A hybrid quadrotor (HQ) unmanned aircraft systems (UAS) platform with the ability of vertical take-off and landing (VTOL) and conversion to fixed wing (FW) flight allows for operations from ships, where launch and recover space is constrained while maintaining the range and endurance of a FW aircraft. The HQ technology eliminates the need for rail launchers and aerial capture technologies such as large nets and wires. With a capability of carrying a 15 lb payload and an endurance of 5 to 15 hours such an HQ UAS would greatly enhance many areas of NOAA research including climate and air quality studies, fishery and mammal surveys, oil spill detection, weather observations, and post severe weather damage assessments. With funding from the NOAA UAS Program Office, the Atmospheric Chemistry Group at NOAA PMEL has been working toward building this capability within NOAA with the goal of making vertical measurements of aerosol properties from a NOAA ship.
In June of 2016, PMEL worked with Latitude Engineering (now L3 Latitude) proving the concept of VTOL-FW launch and recovery of a 20-lb test HQ UAS from the NOAA RV Oscar Elton Sette. With lessons learned from those tests, L3 Latitude is currently in the second phase of a NOAA Small Business Innovation Research (SBIR) to develop an HQ-55 UAS able to fly autonomously from a NOAA ship. The HQ-55 is being designed with a 15-lb payload capability, 5 to 15-hour flight endurance depending on payload weight, and an altitude ceiling of 14,000 ft. At a total weight of under 55-lbs (including the payload) the HQ-55 will be compliant with FAA Part 107 which allows for the operation of UAS in National Airspace.
In a parallel effort, PMEL is developing an aerosol payload for integration into the HQ-55 with instruments able to measure total particle number concentration, particle number size distribution, aerosol light absorption, solar irradiance and sky radiance, aerosol composition, and meteorological parameters. The payload is modular in design to allow for quick swapping in and out of the UAS so that multiple payloads, each with different measuring capabilities, can be used during a given observation period. A previous version of the payload was flown in the Arctic (Svalbard, Norway) in 2011 and 2015 to investigate climate impacts of soot pollution. Through that work, the aerosol payload transitioned to Technical Readiness Level 8, system demonstration in an operational environment.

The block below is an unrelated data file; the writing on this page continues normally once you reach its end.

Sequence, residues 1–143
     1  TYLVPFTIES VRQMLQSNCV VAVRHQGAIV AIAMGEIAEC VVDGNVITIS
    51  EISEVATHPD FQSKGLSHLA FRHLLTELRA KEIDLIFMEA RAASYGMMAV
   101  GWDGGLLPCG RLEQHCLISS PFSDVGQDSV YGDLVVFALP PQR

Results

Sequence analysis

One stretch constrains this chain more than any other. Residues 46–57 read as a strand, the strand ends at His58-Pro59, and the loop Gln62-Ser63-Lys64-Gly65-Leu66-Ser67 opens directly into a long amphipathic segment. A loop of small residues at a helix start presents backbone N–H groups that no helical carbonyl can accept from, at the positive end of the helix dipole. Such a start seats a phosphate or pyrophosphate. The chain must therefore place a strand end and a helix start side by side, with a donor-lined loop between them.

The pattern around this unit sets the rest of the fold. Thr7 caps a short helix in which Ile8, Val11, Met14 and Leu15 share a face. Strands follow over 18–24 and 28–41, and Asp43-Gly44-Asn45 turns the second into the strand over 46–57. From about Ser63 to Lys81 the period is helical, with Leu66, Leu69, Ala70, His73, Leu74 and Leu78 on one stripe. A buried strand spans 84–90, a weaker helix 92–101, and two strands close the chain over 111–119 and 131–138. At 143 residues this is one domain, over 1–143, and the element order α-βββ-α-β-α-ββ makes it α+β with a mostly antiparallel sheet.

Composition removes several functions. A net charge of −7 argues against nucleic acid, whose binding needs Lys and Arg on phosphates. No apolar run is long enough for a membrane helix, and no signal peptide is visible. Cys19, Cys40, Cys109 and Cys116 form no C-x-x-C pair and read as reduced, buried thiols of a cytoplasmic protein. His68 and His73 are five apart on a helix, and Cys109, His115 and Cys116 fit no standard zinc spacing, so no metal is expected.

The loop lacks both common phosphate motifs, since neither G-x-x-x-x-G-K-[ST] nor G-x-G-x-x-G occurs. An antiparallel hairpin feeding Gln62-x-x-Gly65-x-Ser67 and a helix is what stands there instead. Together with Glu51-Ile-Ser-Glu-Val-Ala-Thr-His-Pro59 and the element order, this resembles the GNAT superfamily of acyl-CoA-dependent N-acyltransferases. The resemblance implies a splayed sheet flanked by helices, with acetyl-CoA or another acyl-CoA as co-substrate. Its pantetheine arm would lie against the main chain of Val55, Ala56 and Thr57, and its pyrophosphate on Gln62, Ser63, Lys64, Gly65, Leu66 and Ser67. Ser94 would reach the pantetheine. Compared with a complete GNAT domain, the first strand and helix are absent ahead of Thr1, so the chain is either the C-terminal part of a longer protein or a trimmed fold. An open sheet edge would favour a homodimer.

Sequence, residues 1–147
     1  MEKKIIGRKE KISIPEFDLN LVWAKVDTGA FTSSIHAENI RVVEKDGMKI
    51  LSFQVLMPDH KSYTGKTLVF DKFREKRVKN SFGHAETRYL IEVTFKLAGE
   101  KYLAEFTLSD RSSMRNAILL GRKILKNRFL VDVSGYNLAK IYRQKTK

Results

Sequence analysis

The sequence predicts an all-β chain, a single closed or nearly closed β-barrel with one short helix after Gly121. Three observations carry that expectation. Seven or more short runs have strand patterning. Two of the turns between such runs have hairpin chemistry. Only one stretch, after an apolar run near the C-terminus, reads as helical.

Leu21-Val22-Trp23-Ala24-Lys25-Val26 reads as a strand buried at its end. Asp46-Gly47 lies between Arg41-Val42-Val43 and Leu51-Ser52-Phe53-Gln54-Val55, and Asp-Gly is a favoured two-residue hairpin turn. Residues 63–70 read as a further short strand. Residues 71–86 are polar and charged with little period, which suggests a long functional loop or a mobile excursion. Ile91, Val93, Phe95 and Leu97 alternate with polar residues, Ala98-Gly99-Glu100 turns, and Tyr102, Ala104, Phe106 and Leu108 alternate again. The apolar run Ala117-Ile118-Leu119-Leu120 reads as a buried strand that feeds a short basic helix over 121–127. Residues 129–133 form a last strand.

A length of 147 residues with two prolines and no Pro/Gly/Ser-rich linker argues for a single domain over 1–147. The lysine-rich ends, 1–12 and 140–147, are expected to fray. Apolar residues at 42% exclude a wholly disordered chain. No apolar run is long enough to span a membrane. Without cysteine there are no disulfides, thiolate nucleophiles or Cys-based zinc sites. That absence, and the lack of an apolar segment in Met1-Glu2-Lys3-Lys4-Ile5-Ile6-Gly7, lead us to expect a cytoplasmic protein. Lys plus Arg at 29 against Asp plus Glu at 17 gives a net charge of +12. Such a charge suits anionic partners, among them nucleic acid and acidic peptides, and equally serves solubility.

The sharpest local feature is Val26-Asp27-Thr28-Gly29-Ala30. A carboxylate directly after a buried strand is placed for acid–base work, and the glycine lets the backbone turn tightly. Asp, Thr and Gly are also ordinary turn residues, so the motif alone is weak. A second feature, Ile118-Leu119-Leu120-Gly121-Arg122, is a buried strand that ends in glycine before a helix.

First shipboard tests of the HQ-55 with the integrated aerosol payload are planned for Spring 2019 from a NOAA ship. As part of these flights, NOAA pilots will continue training to fly the HQ-55. Through a collaboration between NOAA PMEL, the UAS Program Office, the Office of Marine and Aviation Operations, and the SBIR Program Office, the ultimate goal is to provide a VTOL-FW UAS capability within NOAA for use by all line offices through the Aircraft Operations Center.
Learn more about NOAA's Unmanned Aircraft Systems Program here: https://uas.noaa.gov/
Learn more about PMEL's Atmospheric Chemistry Group: https://saga.pmel.noaa.gov/
PMEL in the News
A returning patch of warm water in the Northern Pacific Ocean called "the blob" could spell wonky weather for the U.S. this winter. Or, that's what ...
If the long-range forecast from the National Weather Service is right, we have a mild winter ahead of us. The primary driver for the winter outlook is the emergence of El Nino. That's a warming of the equatorial Pacific Ocean that tends to bring mild winters to the Pacific Northwest. Nick Bond...
Pacific Ocean temperatures are rising along the equator, a signal that winter likely will be warmer than normal in the Northwest. Federal climatologists peg the odds that an El Nino will form in the next couple of months at 70 to 75 percent, a 5 percent increase since mid-September. The warm...
Ocean temperature anomalies. (a) Near-global integrals of ocean temperature anomalies relative to the record-length average seasonal cycle updated from Roemmich and Gilson (2009). (b) Linear trend of temperature anomalies (orange line), and trend with a Niño3.4 regression removed (blue line) following Johnson and Birnbaum (2017).
NOAA has led, for 28 years, a team of international scientists in issuing annual reports on the state of the climate focusing on the year just passed. The State of the Climate in 2017 report was published as a supplement to Bulletin of the American Meteorological Society in August 2018. Nine Federal, JISAO (Joint Institute for the Study of the Atmosphere and Ocean, University of Washington),... more